Published by Farrar, Straus and Giroux (Byr)
I myself also live in Kutztown. It is a small and very conservative town and the more “open minded” members of the population are usually not it’s full-time residents, but the college students who are only here when class is in session. Though I myself do not identify as Transgender, I do to a certain degree understand the uncomfortableness of being unable to be my true self publicly around here. I am a cis female, but I am bisexual and it’s not something I announce publicly (outside of social media) in-person to folks until I know them very well.
Being that LGBTQ folks that are publicly out are fewer here Aaron and Oliver for much of their time together have only ever had each other to lean on. They have only had each other to come out to. First, as queer and then coming to the realization they were both Trans. They have only recently become the couple they have always wanted to be. So, it is all the more heartbreaking when Aarons parents tell him that they must move away due to his brother being the victim of a heinous crime. With no one to lean on now that Aaron has moved away Oliver feels lost and Aaron is in for a bit of a culture shock due to the fact that he goes from living in a small town to a big city. There are many more people from all walks of life with much more open minds.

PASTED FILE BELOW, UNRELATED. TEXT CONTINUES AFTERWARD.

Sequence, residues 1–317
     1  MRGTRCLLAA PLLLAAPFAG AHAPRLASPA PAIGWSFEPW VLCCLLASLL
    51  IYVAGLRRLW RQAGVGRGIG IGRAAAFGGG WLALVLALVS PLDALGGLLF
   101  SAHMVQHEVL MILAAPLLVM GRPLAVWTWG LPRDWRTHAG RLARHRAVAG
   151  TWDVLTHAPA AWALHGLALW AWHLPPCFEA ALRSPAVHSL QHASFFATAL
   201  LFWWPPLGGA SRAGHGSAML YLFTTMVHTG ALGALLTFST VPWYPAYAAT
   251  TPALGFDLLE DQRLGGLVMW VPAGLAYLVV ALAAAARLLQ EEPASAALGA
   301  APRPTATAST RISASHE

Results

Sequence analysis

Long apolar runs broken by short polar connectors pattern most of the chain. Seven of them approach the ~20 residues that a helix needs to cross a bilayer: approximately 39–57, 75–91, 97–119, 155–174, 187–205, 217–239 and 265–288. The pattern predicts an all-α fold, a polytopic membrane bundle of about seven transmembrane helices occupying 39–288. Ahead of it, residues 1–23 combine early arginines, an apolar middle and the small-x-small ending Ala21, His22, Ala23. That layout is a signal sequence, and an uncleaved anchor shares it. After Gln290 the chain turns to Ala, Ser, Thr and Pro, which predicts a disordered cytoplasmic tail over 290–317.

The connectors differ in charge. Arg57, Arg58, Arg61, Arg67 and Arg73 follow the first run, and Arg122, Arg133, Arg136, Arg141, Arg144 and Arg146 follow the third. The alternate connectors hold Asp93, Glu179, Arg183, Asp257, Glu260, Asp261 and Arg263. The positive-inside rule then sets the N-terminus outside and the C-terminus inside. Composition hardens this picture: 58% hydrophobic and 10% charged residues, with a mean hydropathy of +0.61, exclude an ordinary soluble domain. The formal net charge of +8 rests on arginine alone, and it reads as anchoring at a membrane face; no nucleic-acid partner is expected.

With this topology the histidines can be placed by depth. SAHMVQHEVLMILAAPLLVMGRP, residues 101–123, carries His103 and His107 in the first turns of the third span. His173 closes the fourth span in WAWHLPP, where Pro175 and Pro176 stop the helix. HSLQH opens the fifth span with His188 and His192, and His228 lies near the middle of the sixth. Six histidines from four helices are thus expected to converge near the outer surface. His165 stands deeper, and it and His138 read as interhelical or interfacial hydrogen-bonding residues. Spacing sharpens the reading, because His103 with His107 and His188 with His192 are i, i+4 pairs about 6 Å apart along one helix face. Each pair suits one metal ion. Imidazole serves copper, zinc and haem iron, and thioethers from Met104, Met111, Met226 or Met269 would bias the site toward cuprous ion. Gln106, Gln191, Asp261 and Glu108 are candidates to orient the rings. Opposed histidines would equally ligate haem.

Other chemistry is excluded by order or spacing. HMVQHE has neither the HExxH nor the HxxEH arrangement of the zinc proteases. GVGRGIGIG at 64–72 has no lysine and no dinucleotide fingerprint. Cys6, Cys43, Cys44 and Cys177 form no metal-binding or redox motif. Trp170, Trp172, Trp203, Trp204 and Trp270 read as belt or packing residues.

This is a lyrical novel so it is a quick but thought provoking read. I think you will really enjoy it and maybe even empathize with these wonderful characters regardless of how you identify.